Ross Sheil, Staff Reporter
COMPARING THEM to comic strips, Opposition Leader Bruce Golding continues to shrug off opinion poll findings, namely the latest Gleaner-commissioned Bill Johnson poll published yesterday showing a decline in support for the People's National Party (PNP).
The Jamaica Labour Party (JLP) had previously questioned the credibility of Mr. Johnson findings as he has done polling work for the PNP.
Speaking at a Jamaica Labour Party (JLP) Area One Council meeting at the Scouts' headquarters on Camp Road, Kingston, yesterday, Mr. Golding said he put greater stock in the results of the three by-elections, since he became Opposition Leader last March. In one parliamentary election and two local elections, he said the JLP had increased its share of the vote.
While the poll, conducted in May, shows the JLP still on 26 per cent the PNP has slid to 44, down from 52 in March. Taking the stage to the refrain of "Come mek we go mash dem down nah lose" by dancehall artiste Sizzla Kalonji, Mr. Golding urged the party to ignore poll findings - good or bad - as part of the "psychological warfare of politics". Instead, the JLP would in future offer "no comment" in response, he added.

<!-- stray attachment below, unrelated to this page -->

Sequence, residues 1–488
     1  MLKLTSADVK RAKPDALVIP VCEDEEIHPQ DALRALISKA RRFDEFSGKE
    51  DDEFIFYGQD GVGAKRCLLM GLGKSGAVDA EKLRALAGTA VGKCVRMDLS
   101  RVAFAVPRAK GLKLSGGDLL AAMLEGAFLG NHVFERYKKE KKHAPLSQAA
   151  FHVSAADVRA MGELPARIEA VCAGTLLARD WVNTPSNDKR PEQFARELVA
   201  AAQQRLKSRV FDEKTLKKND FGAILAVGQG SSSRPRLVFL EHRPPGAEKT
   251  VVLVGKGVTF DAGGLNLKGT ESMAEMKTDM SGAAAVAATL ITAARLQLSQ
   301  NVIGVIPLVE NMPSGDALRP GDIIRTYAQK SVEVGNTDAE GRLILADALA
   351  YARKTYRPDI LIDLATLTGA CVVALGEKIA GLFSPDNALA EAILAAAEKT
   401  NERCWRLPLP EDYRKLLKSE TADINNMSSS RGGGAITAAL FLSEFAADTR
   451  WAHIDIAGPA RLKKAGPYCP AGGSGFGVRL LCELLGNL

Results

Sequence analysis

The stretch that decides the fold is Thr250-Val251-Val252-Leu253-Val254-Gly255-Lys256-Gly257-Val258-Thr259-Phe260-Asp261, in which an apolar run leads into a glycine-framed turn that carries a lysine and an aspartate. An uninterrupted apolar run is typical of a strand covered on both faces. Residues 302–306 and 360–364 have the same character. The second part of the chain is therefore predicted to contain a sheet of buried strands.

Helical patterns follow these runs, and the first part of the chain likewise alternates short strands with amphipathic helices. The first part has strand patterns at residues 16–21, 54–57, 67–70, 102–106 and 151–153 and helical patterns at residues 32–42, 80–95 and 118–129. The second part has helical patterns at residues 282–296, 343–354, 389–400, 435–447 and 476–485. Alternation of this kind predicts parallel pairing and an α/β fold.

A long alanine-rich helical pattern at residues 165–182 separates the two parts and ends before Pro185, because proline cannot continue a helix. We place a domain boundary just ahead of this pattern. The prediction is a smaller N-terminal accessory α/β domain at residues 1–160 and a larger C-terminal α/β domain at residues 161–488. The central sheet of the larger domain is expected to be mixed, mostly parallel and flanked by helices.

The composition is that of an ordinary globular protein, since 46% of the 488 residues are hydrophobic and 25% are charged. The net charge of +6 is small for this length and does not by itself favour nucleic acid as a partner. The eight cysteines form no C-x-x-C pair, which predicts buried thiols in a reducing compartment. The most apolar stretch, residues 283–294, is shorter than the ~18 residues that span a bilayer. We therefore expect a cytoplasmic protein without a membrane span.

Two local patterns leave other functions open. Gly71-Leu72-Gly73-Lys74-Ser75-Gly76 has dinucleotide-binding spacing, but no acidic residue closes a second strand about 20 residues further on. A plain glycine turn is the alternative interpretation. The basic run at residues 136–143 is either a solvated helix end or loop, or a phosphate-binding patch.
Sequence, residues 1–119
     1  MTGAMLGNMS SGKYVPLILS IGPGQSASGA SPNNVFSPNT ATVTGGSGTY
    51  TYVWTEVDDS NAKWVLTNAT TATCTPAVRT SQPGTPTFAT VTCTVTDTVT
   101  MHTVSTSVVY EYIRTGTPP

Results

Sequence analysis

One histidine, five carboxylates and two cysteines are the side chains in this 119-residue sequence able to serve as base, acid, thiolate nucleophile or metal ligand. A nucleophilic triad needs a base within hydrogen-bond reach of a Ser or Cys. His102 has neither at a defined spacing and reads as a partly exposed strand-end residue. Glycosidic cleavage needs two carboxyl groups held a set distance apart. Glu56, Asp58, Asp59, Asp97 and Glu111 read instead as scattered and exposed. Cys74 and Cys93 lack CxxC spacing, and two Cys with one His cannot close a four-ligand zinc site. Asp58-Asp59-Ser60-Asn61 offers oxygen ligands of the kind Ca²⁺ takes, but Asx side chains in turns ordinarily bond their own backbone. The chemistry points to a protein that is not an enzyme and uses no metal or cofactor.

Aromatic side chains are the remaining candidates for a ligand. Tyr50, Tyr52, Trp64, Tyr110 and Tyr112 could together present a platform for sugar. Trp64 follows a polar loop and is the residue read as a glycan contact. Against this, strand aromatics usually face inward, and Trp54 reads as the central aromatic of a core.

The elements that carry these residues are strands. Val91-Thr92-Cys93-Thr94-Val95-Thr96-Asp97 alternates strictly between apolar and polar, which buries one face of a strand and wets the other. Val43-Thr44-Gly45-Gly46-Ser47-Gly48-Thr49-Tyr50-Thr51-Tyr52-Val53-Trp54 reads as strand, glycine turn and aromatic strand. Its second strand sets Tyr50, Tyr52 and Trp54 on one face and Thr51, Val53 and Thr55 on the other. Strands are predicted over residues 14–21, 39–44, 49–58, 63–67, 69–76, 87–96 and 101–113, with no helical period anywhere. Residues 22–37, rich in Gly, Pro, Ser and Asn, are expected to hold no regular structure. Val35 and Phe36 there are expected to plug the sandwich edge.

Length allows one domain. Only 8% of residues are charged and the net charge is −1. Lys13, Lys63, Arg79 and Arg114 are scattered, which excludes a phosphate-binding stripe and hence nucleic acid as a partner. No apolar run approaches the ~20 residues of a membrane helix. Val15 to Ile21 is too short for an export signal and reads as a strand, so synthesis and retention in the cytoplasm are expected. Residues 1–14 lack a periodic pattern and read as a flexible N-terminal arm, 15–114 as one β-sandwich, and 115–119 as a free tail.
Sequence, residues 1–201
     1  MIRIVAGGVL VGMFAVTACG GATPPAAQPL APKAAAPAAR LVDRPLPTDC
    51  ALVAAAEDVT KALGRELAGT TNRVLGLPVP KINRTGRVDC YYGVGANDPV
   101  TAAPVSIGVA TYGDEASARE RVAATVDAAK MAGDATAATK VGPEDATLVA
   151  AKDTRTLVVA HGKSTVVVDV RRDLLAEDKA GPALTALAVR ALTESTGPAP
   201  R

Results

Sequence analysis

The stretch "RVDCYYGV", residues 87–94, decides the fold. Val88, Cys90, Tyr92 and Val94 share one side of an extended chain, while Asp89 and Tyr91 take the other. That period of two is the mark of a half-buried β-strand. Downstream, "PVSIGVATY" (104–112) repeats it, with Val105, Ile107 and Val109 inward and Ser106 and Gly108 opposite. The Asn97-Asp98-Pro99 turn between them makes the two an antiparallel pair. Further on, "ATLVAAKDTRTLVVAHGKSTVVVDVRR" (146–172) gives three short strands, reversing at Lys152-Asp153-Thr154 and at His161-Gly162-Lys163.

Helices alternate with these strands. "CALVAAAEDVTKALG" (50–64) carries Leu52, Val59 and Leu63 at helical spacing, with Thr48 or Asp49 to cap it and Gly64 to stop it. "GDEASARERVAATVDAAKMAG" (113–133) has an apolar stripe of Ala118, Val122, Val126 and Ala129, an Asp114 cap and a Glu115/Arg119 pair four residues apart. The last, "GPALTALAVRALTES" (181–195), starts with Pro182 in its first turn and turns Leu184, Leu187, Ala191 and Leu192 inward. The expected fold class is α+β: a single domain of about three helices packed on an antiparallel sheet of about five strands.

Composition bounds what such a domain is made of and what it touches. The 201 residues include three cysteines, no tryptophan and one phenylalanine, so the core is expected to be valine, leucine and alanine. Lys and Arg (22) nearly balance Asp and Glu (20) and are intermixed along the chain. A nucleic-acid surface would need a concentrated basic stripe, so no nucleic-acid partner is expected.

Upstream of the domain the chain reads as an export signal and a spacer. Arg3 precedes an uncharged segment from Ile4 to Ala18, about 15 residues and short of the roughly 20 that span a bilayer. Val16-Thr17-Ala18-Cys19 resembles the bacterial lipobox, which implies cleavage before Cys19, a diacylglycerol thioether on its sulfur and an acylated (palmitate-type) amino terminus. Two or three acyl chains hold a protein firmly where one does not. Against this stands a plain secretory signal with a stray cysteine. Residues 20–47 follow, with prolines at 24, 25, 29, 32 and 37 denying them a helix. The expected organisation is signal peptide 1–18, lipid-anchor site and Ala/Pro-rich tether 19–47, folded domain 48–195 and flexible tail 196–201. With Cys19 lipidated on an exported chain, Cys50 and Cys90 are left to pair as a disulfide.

"We have no comment to make because we will not allow ourselves to be a yo-yo on the end of the string for someone working in the media," he said.
Leaving the meeting he told The Gleaner of forthcoming local and general elections: "We are going to win this election, we have a clear majority of support."
Inside the meeting, he and other members of the JLP top brass, Mayor of Kingston Desmond McKenzie and Opposition spokesman on National Security Derrick Smith, had poured scorn on the PNP amid reports of a split between the 'yellow' camp of Prime Minister Portia Simpson Miller and the 'orange' of those in the party that backed other candidates during her successful campaign for the leadership of the PNP.
Mr. Golding said by not resolving the cement shortage more speedily, the ensuing crisis represented a failure in the leadership of the Prime Minister. Mr. Golding contrasted Mrs. Simpson Miller's leadership with the "sternness and toughness" of Edward Seaga as JLP Prime Minister between 1980 and 1989.